Vog a threat to farmers
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Kilauea's volcanic emissions are causing financial losses for Big Island farmers, who have seen crops completely wiped out due to the ongoing vog.
The farmers testified yesterday before the state House Special Committee on the effects of vog to seek help from state and federal officials in emergency loans, research and mitigation efforts.
Some farmers who are nearly out of business also are requesting funding to keep existing operations alive during the meltdown of the Big Island's farming industry.
"This is a national disaster; this could go on for years," said Rep. Bob Herkes (D, Puna-Kau-South Kona-North Kona). "The losses are enormous."
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Some Big Island farmers have seen crops wiped out due to the severe ongoing effects of Kilauea's vog, which is threatening future production and the viability of diversified agriculture in Hawaii.
VOLCANIC EMISSIONS ENDANGER CROPS
» The issue: Vog from Kilauea is destroying flower crops, plants and vegetables, particularly on the southern end of the Big Island.
» The problem: How vog is affecting the farming industry and future production.
» Solutions: They include creating a co-op nonprofit organization so that farmers can qualify for federal grants, farmers applying for federal disaster aid with the United States Department of Agriculture, and the state conducting research on the impacts of vog on various commodities and mitigation efforts.
The concentration and length of volcanic emissions - that turn into sulfur dioxide - are destroying or tarnishing crops, particularly for farmers of protea, chrysanthemums and other plants. It is a new phenomenon for members of the farming industry, who testified yesterday in the second of a series of meetings held by the state House Special Committee on the effects of vog.
"This is a national disaster, this could go on for years," said Rep. Bob Herkes, (D, Puna-Kau-South Kona-North Kona). "The losses are enormous."
The flowers and plants that have survived, particularly on the southern end of the Big Island, were ruined by the recent bout of vog and are unmarketable, farmers say, nearly forcing them out of business.
"I lost everything, I'm down to nothing, but it's out of my control," said Sam Bayaoa, owner of Flowers by Kona Scent, which specializes in exotic protea. "When the vog comes in, it burns all our leaves, deforms our flowers. If you could've seen my flower farm in December, it was beautiful."
The problem is unique to Hawaii with its thick clouds of vog generated from Halemaumau Crater since a new vent opened March 12, adding to existing vog from the Puu Oo vent of Kilauea, the world's most active volcano.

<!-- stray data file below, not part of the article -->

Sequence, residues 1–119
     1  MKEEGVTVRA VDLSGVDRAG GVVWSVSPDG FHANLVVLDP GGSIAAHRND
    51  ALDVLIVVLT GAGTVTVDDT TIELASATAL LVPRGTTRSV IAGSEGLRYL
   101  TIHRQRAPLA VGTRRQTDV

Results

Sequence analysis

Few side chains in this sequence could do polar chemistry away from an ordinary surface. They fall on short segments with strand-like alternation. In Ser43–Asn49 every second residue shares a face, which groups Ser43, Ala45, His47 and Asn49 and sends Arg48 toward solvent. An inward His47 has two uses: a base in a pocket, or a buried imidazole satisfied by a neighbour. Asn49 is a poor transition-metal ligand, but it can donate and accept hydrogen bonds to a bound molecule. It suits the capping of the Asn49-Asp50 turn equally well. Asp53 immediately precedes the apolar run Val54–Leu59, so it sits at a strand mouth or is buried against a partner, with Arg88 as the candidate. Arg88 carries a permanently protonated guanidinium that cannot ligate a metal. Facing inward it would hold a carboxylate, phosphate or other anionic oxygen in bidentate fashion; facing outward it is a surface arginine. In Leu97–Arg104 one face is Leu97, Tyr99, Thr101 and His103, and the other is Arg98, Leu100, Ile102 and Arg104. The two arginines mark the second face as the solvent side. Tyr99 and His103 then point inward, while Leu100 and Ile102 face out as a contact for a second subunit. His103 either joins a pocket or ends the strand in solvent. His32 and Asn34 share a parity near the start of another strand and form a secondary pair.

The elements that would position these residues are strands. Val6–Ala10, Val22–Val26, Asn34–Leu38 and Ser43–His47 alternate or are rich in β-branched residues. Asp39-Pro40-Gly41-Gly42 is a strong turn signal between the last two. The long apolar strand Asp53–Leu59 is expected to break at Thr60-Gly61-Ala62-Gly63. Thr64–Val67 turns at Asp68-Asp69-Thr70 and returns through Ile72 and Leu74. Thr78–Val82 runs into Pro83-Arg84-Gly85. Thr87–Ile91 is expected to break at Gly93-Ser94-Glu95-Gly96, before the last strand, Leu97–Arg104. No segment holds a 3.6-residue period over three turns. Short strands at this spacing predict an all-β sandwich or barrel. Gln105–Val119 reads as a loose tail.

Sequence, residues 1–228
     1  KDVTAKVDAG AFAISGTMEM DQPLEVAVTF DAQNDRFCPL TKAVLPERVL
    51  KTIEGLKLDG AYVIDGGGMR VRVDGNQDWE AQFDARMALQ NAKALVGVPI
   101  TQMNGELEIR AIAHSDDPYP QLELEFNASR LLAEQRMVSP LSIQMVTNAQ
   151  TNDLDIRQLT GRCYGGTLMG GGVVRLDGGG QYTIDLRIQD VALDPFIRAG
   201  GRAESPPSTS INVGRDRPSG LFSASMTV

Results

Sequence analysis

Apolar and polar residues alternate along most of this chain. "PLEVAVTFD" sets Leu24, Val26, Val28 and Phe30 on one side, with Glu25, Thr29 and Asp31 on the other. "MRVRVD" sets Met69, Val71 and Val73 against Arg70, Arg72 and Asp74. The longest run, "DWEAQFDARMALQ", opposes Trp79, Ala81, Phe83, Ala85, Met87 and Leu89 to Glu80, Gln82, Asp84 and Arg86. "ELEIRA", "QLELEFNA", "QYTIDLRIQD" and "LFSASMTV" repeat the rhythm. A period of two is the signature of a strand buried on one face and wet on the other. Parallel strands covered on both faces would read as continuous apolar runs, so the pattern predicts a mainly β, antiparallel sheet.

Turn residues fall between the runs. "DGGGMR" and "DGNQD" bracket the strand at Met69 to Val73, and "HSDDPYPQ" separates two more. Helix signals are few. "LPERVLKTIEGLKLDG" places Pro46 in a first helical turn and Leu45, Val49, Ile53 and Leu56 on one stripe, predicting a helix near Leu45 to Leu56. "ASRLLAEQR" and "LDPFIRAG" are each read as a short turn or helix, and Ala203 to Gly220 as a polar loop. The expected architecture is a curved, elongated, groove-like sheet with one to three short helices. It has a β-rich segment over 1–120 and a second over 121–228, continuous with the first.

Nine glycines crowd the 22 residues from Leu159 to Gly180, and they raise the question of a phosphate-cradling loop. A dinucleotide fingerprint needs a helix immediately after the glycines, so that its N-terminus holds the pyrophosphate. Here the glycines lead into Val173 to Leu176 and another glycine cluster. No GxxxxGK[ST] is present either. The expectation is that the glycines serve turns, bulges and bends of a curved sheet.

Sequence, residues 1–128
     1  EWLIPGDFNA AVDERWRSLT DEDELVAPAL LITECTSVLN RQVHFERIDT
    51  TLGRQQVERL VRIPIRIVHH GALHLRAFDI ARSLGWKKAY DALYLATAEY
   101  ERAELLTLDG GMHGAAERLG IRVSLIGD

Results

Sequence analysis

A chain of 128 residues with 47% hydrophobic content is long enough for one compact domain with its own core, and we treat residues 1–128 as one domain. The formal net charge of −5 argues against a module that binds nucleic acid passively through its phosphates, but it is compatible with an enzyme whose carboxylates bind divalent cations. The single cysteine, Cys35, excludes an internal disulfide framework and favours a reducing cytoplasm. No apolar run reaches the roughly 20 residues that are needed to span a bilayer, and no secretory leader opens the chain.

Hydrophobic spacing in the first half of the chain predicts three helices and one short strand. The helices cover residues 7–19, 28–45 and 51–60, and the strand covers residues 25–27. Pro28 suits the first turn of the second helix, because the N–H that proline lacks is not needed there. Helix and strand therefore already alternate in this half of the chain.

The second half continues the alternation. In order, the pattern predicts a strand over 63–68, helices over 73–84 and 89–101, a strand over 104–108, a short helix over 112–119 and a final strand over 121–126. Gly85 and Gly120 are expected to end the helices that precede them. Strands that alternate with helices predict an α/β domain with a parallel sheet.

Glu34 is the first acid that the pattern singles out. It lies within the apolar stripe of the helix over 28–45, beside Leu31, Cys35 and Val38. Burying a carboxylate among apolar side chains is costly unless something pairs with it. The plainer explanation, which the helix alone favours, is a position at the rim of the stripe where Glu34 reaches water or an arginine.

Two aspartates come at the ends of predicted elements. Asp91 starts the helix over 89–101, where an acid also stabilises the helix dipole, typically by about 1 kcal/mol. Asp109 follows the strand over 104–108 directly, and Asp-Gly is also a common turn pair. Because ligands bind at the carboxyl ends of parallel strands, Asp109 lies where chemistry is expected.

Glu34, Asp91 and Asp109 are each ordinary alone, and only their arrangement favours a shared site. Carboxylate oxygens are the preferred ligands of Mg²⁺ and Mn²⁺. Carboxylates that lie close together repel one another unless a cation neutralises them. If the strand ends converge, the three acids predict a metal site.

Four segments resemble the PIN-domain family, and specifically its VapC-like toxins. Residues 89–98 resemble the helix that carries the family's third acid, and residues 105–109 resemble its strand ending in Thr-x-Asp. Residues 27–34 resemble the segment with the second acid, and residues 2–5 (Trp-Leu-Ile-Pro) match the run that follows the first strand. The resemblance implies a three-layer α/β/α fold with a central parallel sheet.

The Governor has asked the federal government to declare a national disaster.
The vog isn't only creating financial hardship for farmers, but also causing numerous job losses in areas such as Ocean View and Pahala, according to local farmers, some of whom can no longer pay their workers.
Jeffrey McCall of McCall Flower Farm Inc., in the Big Island's district of Kau, recently laid off half of his 14 workers because he no longer can sell his burned harvest.
Sales have dropped about 30 percent in the last quarter from the year-earlier period and are expected to fall by about 50 percent this year compared to sales of $830,000 to $850,000 in 2007, he said. McCall, who has been growing flowers on the Big Island for 25 years, estimates that the business has lost $100,000 in sales to date.
"It's been fairly devastating for me," he said. "Most of our outside crops we just can't grow."
Ted Seaman, who owns South Point Propagation and other farming businesses that specialize in hibiscus and hybrids for the high-end market, said he is looking for another job because he is nearly bankrupt.
"After the first outbreak, it didn't kill everything but made it unmarketable," he said. "I'm wiped out because I don't have enough to sell right now."
In addition to the vog, the compounded effects of drought, rising material and energy expenses and deteriorating infrastructure due to acid rain marks disaster for farmers.
Farmers are seeking help from state and federal officials to aid in emergency loans. They also want the state to set up vog meters and to research vog's effects and ways to mitigate it. They also are requesting funding to keep existing operations alive during the meltdown of the Big Island's farming industry.
"We need to act and act soon," said Alan Takemoto, executive director of the Hawaii Farm Bureau Federation. "There's going to be an increase in losses across the board."